A recent trip to the Great Smoky Mountains National Park was a wonderful time of hiking and enjoying nature. I first started hiking in the Smokies with my parents and had my first camping experiences and backpacking trip with my Girl Scout troop.
My time on the trails and in the Sugarlands Visitor Center on this trip was a reminder that many of those I saw on the trails were first-time hikers. These visitors were enthusiastic about being in such a beautiful setting and eager to explore, but they were limited in their knowledge about hiking.
The visitor center has a wall display and brochure to help visitors identify hikes that could be done in one to two hours.
Visitors examined the display, picked up the brochure or talked with the staff at the information counter, and then got in their cars and drove to a trailhead to start their adventure.
My hope would be that everyone who makes the effort to do a hike in the Great Smoky Mountains National Park – or other National Park – will have a good experience that will make them want to hike again.
Let me offer a few tips for having a successful hiking experience and for following National Park rules.
Tip # 1 – Carry water on your hikes
Hiking the Alum Cave Trail to Mt. Le Conte, I was reminded of how many people don’t carry adequate water for a hike.
Even short hikes can make you need to drink, especially on hot days.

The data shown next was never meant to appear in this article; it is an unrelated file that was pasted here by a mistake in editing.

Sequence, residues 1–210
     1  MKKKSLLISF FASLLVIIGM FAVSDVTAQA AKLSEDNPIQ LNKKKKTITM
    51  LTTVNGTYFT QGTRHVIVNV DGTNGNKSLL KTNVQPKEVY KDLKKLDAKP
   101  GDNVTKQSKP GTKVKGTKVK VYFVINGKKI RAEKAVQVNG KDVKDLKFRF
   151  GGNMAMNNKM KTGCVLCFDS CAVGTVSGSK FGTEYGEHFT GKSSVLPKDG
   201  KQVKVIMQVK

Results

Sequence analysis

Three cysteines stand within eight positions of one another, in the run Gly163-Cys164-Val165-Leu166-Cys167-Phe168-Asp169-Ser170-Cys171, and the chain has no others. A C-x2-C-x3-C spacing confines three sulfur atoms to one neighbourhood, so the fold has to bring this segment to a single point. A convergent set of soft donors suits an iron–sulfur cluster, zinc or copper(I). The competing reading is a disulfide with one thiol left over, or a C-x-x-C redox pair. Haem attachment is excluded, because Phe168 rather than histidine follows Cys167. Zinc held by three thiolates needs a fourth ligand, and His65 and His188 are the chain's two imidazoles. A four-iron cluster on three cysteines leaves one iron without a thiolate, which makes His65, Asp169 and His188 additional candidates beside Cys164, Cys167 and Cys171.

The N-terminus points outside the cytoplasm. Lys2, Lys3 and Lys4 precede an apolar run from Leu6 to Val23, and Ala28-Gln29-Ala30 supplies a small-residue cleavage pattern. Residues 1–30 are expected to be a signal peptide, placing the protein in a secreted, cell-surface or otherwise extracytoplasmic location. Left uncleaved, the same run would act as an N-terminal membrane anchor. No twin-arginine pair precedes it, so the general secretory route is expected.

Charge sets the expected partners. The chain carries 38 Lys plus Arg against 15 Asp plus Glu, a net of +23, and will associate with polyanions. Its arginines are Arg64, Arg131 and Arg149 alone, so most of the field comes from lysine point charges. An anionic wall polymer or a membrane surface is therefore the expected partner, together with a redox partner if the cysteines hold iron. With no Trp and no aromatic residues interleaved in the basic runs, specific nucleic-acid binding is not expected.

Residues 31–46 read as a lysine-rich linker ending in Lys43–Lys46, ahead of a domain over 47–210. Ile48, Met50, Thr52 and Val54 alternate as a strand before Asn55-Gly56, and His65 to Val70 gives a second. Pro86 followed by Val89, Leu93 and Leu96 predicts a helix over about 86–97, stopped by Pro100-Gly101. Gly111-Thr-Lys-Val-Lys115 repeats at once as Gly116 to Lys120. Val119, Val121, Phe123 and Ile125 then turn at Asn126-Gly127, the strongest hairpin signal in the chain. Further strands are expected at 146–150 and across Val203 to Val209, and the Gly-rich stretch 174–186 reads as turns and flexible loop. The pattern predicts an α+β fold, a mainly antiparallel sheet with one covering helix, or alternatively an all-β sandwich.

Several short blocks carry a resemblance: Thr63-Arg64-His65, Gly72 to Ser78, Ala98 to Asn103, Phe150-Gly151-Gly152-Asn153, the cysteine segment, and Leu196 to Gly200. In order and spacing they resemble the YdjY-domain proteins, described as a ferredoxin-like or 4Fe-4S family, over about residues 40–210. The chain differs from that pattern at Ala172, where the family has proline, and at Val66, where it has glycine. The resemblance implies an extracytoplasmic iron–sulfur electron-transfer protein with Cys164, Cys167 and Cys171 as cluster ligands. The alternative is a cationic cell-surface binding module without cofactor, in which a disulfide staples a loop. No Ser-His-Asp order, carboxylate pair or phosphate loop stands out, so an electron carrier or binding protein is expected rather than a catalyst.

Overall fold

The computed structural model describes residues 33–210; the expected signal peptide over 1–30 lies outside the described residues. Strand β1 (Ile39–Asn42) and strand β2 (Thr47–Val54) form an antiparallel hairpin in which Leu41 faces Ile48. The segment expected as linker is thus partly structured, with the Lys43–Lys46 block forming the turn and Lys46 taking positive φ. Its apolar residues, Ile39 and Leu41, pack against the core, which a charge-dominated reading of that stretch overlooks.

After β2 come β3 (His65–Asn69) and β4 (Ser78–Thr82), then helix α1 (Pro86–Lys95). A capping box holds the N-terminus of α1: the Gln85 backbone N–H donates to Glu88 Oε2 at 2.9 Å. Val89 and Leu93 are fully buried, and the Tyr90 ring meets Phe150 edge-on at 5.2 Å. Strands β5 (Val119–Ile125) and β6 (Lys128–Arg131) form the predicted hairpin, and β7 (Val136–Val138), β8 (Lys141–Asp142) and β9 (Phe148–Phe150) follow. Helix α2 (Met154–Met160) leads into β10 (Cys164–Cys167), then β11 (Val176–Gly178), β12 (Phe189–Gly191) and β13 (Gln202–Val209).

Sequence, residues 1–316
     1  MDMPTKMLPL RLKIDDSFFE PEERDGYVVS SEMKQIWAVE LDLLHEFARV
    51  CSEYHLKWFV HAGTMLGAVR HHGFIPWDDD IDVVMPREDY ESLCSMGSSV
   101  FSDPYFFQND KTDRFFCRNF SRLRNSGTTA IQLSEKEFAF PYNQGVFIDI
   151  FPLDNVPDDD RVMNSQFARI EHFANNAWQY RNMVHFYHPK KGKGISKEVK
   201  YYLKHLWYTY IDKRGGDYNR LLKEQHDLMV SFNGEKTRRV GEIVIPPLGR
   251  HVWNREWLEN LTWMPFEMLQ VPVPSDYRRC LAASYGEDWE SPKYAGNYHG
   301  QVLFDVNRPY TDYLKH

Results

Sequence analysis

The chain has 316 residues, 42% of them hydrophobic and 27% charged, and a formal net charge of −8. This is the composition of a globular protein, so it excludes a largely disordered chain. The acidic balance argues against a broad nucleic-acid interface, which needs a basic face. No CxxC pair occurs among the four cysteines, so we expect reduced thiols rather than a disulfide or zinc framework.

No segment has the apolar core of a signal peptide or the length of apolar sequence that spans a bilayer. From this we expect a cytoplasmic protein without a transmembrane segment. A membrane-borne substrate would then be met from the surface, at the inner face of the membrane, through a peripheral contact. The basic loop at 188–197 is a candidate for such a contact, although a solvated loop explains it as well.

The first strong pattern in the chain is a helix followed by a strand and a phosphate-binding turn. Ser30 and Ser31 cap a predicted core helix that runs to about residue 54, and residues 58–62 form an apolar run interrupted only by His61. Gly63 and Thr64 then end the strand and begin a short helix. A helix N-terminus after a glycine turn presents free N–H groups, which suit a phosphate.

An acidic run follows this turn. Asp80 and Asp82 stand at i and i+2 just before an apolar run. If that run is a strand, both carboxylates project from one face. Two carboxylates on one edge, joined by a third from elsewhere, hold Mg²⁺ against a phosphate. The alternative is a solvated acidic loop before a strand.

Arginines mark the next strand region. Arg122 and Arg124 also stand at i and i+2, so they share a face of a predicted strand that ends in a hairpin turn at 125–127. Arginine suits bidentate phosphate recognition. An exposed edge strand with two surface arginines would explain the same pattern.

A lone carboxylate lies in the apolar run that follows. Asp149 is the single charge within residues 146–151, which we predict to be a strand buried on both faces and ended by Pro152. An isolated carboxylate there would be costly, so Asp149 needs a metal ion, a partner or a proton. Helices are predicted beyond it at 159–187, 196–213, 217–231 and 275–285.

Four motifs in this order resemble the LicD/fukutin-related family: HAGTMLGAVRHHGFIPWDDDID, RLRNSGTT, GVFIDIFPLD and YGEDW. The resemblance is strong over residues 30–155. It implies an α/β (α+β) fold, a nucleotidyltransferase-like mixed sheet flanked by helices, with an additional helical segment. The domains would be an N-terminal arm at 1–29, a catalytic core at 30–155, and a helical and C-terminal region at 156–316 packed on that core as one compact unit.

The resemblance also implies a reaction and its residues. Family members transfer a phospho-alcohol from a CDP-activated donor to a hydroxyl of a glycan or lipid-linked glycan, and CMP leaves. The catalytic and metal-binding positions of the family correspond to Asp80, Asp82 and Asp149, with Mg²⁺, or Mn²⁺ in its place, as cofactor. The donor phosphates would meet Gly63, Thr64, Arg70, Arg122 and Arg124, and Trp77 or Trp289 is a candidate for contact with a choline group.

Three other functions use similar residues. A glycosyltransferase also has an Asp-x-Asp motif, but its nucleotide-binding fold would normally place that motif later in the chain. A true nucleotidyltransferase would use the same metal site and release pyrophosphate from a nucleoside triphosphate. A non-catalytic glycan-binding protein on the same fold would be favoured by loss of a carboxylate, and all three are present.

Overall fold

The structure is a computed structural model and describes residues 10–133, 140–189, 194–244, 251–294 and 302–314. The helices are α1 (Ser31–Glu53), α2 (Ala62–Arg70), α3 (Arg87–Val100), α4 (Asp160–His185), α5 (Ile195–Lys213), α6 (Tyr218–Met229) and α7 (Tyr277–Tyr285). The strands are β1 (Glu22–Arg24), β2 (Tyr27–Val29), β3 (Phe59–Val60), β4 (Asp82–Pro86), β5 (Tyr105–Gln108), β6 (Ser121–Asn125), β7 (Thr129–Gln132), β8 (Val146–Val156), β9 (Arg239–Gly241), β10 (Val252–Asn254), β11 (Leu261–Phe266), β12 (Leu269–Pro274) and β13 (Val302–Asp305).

I saw many groups on the trail arrive with two small bottles of water for the group of four or five people. Some individual hikers and groups were hiking with no water.
About three miles up the Alum Cave Trail, I heard a father tell his daughter, who was flushed and saying she was very thirsty, that they would find water to drink along the trail.
But the streams that sometimes run along the trail were dried up. Even if there was water in streams, drinking that untreated water can lead to health problems.
As we hiked down from Mt. Le Conte, three women who were hiking up stopped us to describe the men in their hiking group and ask if we had seen them. The men were carrying all the water — and these women were very thirsty.
Cellphone coverage is very limited in the Great Smoky Mountains National Park (as is true in other national parks), so you can’t call your friends on the trail and ask them to help you.
Tip # 2 – Carry out your trash
Leaving trash along the trail detracts from the nature experience for everyone else. If you leave wrappers from granola bars or your apple core, those will attract insects and animals.
Alum Cave Bluff is a popular location for hikers to stop for a break. We saw a man about to throw banana peels into the woods. We called to him to not thrown the banana peels.
Why not, he challenged. The banana peels would decompose. We explained that before the banana peels would decompose, they could attract animals that might eat them and get sick. If you can hike with the banana or the granola bar, you can continue to hike with the peel or the wrapper.
Tip # 3 – Don’t feed the wildlife
Seeing turkeys, deer, elk or bears in their natural setting is exciting – but can be dangerous for you or for the wildlife.
Many people are so used to managed wildlife settings – like a zoo or a theme park – that they forget that these are wild animals. Feeding the animals can make them sick or dependent on people for food.
Not cleaning up your campsite or picnic spot could lead to bears coming to the area to eat and then returning to those locations for food.